U.S. soybean futures fell 2.2 percent on Monday, their biggest daily slide in almost a month, due to crop-friendly weather forecasts for top producer Brazil and concerns about Hurricane Sandy's impact on the U.S. financial sector.
The sell-off in soybeans pulled down wheat and corn, although both grains were underpinned by problematic weather for wheat in the southern U.S. Plains, Australia and elsewhere.
Soybeans led declines at the Chicago Board of Trade, falling for a third straight session as forecasts called for improved soybean planting weather in Brazil. The global grain trade is counting on Brazil and Argentina to produce a bumper soy crop in early 2013 after drought clipped the 2012 U.S. harvest as well as the previous South American crop.
The Brazilian government has forecast that the country will produce 80 million to 82.8 million tonnes of soybeans for the 2012/13 season, surpassing U.S. production of 77.8 million. The U.S. Department of Agriculture has projected Brazil's crop at 81 million tonnes.
If crop forecasts are verified, Brazil and Argentina should combine for slightly more than half of global soybean output for 2012/13, a factor that is magnifying the market impact of any shifts in weather as farmers continue planting.
Local analyst Safras e Mercado said Brazil's soybean crop was 28 percent seeded, down from 41 percent at this time a year ago but above the average of 24 percent.
After soaking Brazil's southern soy states of Rio Grande do Sul and Parana, storms are expected to move northward in early November into the country's main center-west soy belt and northeast regions, which need moisture.
"Northern Brazil is too dry but there are rains expected by he end of the week into early next week, so there's a pretty decent scenario in South America," said John Dee, meteorologist for Global Weather Monitoring.
At the CBOT, most-active January soybeans settled down 34 cents, or 2.2 percent, at $15.27-1/4 per bushel. December wheat ended down 5-3/4 cents, or 0.7 percent, at $8.58 a bushel, and December corn fell 3/4 cent, or 0.1 percent, at $7.37 a bushel.
Uncertainty about Hurricane Sandy, which began lashing the U.S. East Coast, also appeared to pressure the markets. The storm, which could become the largest ever to hit the United States, shut trading on Wall Street and closed U.S. government offices.
U.S. stock and bond markets will be closed again on Tuesday, but the two-largest U.S. stock exchange operators, NYSE Euronext NYX.N and Nasdaq OMX Group NDAQ.O, intend to reopen Wednesday, conditions permitting.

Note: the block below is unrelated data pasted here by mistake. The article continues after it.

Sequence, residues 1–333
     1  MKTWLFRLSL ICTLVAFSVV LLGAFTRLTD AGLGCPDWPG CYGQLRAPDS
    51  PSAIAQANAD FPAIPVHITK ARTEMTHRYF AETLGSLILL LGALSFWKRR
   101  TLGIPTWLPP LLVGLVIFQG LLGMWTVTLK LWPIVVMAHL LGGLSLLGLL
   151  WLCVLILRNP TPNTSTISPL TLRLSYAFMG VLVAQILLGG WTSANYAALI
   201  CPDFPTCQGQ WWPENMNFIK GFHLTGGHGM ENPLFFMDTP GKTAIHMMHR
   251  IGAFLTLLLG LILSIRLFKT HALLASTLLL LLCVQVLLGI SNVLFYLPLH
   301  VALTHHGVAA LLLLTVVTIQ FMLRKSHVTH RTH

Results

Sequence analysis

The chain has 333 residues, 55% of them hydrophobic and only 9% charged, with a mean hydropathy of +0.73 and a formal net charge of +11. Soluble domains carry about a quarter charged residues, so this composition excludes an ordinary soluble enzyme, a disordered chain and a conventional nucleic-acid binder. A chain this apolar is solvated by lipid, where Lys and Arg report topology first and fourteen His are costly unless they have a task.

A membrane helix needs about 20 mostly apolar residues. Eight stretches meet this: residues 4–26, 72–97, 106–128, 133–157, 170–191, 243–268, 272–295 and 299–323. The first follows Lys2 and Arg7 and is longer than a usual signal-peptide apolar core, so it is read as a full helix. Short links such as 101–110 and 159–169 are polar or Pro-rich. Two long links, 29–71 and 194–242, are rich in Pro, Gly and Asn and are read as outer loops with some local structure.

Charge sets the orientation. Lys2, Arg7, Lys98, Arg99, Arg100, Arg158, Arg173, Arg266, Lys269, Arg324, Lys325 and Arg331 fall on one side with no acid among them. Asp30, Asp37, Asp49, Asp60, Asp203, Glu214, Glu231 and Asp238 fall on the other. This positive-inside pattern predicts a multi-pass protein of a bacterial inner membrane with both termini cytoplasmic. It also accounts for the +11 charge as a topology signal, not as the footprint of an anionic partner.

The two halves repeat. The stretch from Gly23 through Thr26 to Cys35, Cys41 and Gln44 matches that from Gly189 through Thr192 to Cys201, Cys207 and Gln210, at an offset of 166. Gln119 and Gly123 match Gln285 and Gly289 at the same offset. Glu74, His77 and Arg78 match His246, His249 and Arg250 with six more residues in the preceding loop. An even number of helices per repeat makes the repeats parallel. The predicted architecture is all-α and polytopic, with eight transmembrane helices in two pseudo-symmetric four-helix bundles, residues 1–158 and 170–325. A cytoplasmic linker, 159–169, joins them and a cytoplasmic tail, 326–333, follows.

"This storm is coming on more aggressively than the trade was prepared for, meaning that the ability of the banks and exchanges to re-open within one to two days is now probably being questioned by a lot of the New York traders," said Mike Zuzolo, president of Global Commodity Analytics in Lafayette, Indiana.
"I am picking up word that maybe the funds in New York are limiting and reducing their risk because of this hurricane, and that was probably the exposure on the long bean side," Zuzolo added.
The weekly U.S. crop progress report, normally released on Monday afternoons, will be delayed as the federal government closes down ahead of Sandy, the U.S. Department of Agriculture said, adding that the rescheduled release time would be announced as soon as offices reopen.
Sandy is unlikely to have a direct impact on U.S. crops although it may disrupt the transport of grain, analysts said.
WORRISOME WHEAT WEATHER
Wheat fell on spillover pressure from soybeans as well as disappointing weekly U.S. export data. The USDA reported export inspections of U.S. wheat in the latest week at 9.7 million bushels, down 40 percent from 16.4 million the previous week.
"Unless we get some supportive export news, the path of least resistance is lower," said Shawn McCambridge, grains analyst with Jefferies Bache in Chicago.
Also bearish, the U.S. dollar index rose to a six-week high on uncertainty over whether Greece can agree to a deal on austerity and with no sign of when Spain might request aid. A firmer dollar makes dollar-denominated commodities, including grains, less competitive on the world market.
But concerns about unfavorable weather in several key wheat-exporting countries, including Australia and the southern U.S. Plains, underpinned values.
Technical buying limited losses in the corn market. CBOT December corn rebounded after holding support at its mid-October low of $7.32-1/2, and the contract settled at $7.37, a tick above its 100-day moving average at $7.36-3/4. December corn has not closed below its 100-day average since mid-June.
In a reminder of weak export demand for U.S. corn, private Egyptian interests have in past days purchased about 180,000 tonnes of corn from South America, European traders said Monday. It was thought largely to have been bought from Argentina, traders said.